Finally, the court discussed the meaning of the phrase "Vacancies that may happen during the Recess." The plaintiffs had argued that the plain meaning of this phrase is that the vacancy must occur during the recess for the president to exercise the recessappointment power. …

The rest of this article is only available to active members of Questia

Sign up now for a free, 1-day trial and receive full access to:

  • Questia's entire collection
  • Automatic bibliography creation
  • More helpful research tools like notes, citations, and highlights
  • Ad-free environment

Already a member? Log in now.

Notes for this article

Add a new note
If you are trying to select text to create highlights or citations, remember that you must now click or tap on the first word, and then click or tap on the last word.
One moment ...
Default project is now your active project.
Project items

Items saved from this article

This article has been saved
Highlights (0)
Some of your highlights are legacy items.

Highlights saved before July 30, 2012 will not be displayed on their respective source pages.

You can easily re-create the highlights by opening the book page or article, selecting the text, and clicking “Highlight.”

Citations (0)
Some of your citations are legacy items.

Any citation created before July 30, 2012 will labeled as a “Cited page.” New citations will be saved as cited passages, pages or articles.

We also added the ability to view new citations from your projects or the book or article where you created them.

Notes (0)
Bookmarks (0)

You have no saved items from this article

Project items include:
  • Saved book/article
  • Highlights
  • Quotes/citations
  • Notes
  • Bookmarks
Notes
Cite this article

Cited article

Style
Citations are available only to our active members.
Sign up now to cite pages or passages in MLA, APA and Chicago citation styles.

(Einhorn, 1992, p. 25)

(Einhorn 25)

1

1. Lois J. Einhorn, Abraham Lincoln, the Orator: Penetrating the Lincoln Legend (Westport, CT: Greenwood Press, 1992), 25, http://www.questia.com/read/27419298.

Cited article

Recess Appointments: Does the Constitution Mean What It Says?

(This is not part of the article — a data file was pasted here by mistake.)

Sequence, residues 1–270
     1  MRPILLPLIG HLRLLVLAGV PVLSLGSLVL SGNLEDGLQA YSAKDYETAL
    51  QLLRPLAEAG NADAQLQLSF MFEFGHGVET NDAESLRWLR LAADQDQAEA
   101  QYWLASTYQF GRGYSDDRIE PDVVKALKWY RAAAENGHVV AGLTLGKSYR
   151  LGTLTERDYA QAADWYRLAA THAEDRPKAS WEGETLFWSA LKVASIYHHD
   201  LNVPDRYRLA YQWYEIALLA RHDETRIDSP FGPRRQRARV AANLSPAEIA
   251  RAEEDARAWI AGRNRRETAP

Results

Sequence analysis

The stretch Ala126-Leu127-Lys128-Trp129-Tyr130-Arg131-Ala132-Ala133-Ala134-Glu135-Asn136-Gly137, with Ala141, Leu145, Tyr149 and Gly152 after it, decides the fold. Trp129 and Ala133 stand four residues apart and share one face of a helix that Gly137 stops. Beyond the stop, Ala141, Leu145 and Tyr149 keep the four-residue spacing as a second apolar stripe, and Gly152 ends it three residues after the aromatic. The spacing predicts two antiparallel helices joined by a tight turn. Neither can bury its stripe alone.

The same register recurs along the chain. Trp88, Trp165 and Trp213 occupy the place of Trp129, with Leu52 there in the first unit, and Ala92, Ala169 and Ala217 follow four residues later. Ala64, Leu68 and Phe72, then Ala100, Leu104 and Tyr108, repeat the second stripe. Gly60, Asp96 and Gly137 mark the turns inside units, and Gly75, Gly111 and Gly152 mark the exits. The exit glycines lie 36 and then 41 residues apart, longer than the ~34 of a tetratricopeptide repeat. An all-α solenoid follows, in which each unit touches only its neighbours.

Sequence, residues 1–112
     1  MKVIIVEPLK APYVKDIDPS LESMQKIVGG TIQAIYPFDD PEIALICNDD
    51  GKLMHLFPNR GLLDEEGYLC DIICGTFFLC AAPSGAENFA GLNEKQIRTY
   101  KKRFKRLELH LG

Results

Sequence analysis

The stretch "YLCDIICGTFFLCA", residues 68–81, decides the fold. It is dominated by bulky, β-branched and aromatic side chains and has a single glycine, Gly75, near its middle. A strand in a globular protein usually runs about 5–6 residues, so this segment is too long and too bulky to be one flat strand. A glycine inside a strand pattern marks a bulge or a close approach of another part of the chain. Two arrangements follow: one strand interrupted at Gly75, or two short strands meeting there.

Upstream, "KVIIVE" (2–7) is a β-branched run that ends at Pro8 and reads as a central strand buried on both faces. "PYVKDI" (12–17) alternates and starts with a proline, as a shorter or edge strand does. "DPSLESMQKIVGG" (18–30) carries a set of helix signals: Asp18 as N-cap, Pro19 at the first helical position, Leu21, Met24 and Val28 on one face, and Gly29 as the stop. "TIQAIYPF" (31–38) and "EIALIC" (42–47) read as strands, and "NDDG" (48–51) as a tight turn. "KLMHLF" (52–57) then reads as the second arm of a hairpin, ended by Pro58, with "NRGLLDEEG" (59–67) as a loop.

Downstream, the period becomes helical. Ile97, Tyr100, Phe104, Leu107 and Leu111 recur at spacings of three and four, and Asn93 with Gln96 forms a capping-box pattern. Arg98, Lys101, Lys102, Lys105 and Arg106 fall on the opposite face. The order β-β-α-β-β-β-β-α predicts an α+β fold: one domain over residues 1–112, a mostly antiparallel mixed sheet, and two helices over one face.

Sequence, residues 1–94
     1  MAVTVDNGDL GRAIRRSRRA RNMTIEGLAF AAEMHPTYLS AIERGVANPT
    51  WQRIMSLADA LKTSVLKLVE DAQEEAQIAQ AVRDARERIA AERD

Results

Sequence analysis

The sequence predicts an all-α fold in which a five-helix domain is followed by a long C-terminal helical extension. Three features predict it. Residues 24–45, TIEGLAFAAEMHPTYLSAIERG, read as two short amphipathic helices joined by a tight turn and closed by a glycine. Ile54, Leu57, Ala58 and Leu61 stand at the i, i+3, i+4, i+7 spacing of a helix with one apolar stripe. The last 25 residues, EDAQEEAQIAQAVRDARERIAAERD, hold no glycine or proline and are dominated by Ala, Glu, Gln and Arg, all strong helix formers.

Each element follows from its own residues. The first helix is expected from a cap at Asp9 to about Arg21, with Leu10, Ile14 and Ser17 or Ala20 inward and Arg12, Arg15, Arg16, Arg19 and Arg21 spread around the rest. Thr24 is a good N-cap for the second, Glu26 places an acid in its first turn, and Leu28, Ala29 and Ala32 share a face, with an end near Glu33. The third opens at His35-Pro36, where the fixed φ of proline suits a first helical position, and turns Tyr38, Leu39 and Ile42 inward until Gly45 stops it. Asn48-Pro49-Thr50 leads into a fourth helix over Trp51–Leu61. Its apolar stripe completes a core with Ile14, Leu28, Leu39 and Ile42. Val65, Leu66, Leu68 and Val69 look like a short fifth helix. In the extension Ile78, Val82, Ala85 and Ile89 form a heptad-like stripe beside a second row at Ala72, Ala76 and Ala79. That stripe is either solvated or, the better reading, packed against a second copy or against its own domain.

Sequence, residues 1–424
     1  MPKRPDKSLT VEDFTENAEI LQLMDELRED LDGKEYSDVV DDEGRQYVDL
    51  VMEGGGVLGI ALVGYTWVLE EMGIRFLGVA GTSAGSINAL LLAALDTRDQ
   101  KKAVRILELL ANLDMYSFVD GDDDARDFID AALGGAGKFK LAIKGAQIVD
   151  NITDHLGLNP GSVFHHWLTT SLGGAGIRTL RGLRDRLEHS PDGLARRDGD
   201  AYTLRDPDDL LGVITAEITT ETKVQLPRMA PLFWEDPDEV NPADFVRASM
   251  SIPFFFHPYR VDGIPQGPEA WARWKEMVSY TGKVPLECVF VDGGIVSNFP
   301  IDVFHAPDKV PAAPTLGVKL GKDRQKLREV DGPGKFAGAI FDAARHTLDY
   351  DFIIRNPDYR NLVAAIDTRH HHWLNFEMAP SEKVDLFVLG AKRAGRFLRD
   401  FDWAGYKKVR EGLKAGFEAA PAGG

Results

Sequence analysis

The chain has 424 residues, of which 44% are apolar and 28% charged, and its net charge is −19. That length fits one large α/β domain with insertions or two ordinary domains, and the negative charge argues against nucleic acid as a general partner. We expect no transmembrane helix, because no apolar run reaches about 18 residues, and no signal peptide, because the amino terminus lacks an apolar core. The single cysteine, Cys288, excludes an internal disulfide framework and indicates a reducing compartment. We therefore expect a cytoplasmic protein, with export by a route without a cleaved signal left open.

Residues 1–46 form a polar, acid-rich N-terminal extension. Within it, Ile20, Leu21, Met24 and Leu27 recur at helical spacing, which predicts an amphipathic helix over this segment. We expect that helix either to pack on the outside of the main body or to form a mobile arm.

Settings

Settings

Typeface
Text size Smaller Larger Reset View mode
Search within

Search within this article

Look up

Look up a word

  • Dictionary
  • Thesaurus
Please submit a word or phrase above.
Print this page

Print this page

Why can't I print more than one page at a time?

Full screen

matching results for page

Cited passage

Style
Citations are available only to our active members.
Sign up now to cite pages or passages in MLA, APA and Chicago citation styles.

"Portraying himself as an honest, ordinary person helped Lincoln identify with his audiences." (Einhorn, 1992, p. 25).

"Portraying himself as an honest, ordinary person helped Lincoln identify with his audiences." (Einhorn 25)

"Portraying himself as an honest, ordinary person helped Lincoln identify with his audiences."1

1. Lois J. Einhorn, Abraham Lincoln, the Orator: Penetrating the Lincoln Legend (Westport, CT: Greenwood Press, 1992), 25, http://www.questia.com/read/27419298.

Cited passage

Welcome to the new Questia Reader

The Questia Reader has been updated to provide you with an even better online reading experience.  It is now 100% Responsive, which means you can read our books and articles on any sized device you wish.  All of your favorite tools like notes, highlights, and citations are still here, but the way you select text has been updated to be easier to use, especially on touchscreen devices.  Here's how:

1. Click or tap the first word you want to select.
2. Click or tap the last word you want to select.

OK, got it!

Thanks for trying Questia!

Please continue trying out our research tools, but please note, full functionality is available only to our active members.

Your work will be lost once you leave this Web page.

For full access in an ad-free environment, sign up now for a FREE, 1-day trial.

Already a member? Log in now.